I was raised in the south (north Florida) where hunting and fishing is more than a tradition.  It is a way of life and all social things seem to relate to it.  Go to an annual festival and there is game meat and/or fish to eat.   If you have a political event, the same applies.  If there is talk about someone special, it is usually the hunter who bagged the biggest buck, the old wise gobbler or the one who catches the largest catfish, bass or the most bream.  We don’t talk about movie stars and glamor, although there is a tradition towards certain ball games.

Now let’s get back to guns.  Our history here relates to some lever guns and quite a bit to double barreled shotguns.  To be honest, these woods and hammocks are so thick that the shotgun truly has earned its reputation as the all around hunting weapon.  I have bird hunted and squirrel hunted a little with the shotgun, but I never liked them.  I have thought a lot about my preferences and have come to accept that I feel the shotgun allows me to be less precise in my aiming and I can not accept that.  I want and need precision, reliability and one shot performance.  My preference for squirrels and turkeys has always been the .22 LR and I can attest to the effectiveness of the .22 magnum on other (larger) game.   If I had to choose one rifle caliber to survive, it would be the .22 magnum, closely followed by the LR round.  I have killed many hogs with both and have a confidence that I can get by with either.  I have had a BL-22 for awhile and it is not going anywhere.  It is accurate and how can anyone not enjoy that short throw lever.

Now, let’s get back to that need for precision, reliability and one shot performance.  We had a family/friend tradition concerning the night before hunting season opened.  Everyone would come to my parent’s home and there would be a lot of story telling, a good meal and if the truth must be told a few cold ones.  It was something to be involved in and I only wish that I had the magic to make it happen again.  It was an exciting event.  On the opening night (before) in 1973, a friend of my family who happened to own a hardware store/gun shop showed up as usual.  His name was Ronnie and I could write a book on Ronnie and his hunting adventures.  One thing Ronnie definitely had was class and respect.  My family was very poor and we did not own much, but we were always well fed and the coffee was always on.  That night Ronnie brought my father a NIB Browning BAR in 30-06 caliber and gave it to him.  I have been told it was from the last days of Belgium production and my research supports that.  It had a Weaver 4X Wideview scope and it was magnificent.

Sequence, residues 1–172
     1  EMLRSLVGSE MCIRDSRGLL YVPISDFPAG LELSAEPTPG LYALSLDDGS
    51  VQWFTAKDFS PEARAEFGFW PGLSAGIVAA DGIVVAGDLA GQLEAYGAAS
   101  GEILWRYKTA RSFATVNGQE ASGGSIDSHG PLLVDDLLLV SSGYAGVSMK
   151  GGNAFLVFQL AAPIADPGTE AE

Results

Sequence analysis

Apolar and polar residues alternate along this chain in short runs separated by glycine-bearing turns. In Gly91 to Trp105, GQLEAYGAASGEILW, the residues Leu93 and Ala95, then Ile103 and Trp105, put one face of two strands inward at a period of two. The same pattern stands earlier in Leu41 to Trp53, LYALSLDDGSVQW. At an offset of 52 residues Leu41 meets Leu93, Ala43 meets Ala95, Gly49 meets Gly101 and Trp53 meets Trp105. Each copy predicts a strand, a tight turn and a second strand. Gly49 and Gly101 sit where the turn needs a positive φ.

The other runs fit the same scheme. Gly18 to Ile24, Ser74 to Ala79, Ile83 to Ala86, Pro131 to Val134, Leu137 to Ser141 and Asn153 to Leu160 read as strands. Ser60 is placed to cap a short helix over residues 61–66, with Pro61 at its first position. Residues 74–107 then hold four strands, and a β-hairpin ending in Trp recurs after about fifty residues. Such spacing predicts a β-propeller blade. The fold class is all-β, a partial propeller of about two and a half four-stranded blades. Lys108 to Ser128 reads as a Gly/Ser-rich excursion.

My father was a dog hunter who was well known all over the south.  He cared more about the dogs than ever killing a deer.  He was not a marksman and he favored the shotgun over a rifle.  Let’s just skip many years and say that he killed some deer with that BAR and I killed a lot with it.  My first deer fell to that rifle in 1973.  It was one shot, running at well over 100 yards away from me.  Through the back of the head and out the nose.  That started my obsession with accuracy and performance and leads us to the purpose of this article.  BTW, I am a retired Game Warden (LT. Colonel) and have heard it all when it comes to hunting and fishing.  Let me safely state that this BAR has resulted in the harvesting of  a few hundred deer and quite a few hogs.  This particular rifle has a reputation of never needing over one shot to harvest any game animal.  My father passed away in January 2009 and I inherited that BAR rifle.  It was a sign of change to come.

Now to the future.  When all this stuff was happening with Winchester and Marlin, I got to seriously thinking about my needs and preferences.  It all came down to the acceptance that I was looking for something that was right in front of me.  There is absolutely nothing wrong with any model or caliber of those rifles previously mentioned, but what I was looking for was already there.  I trusted the 30-06, it was a good caliber for anything I would ever need and most of all, it was available anywhere.  My daddy always said that you should pick something (caliber) that was available at any store.  The 30-06 sure fits that criteria.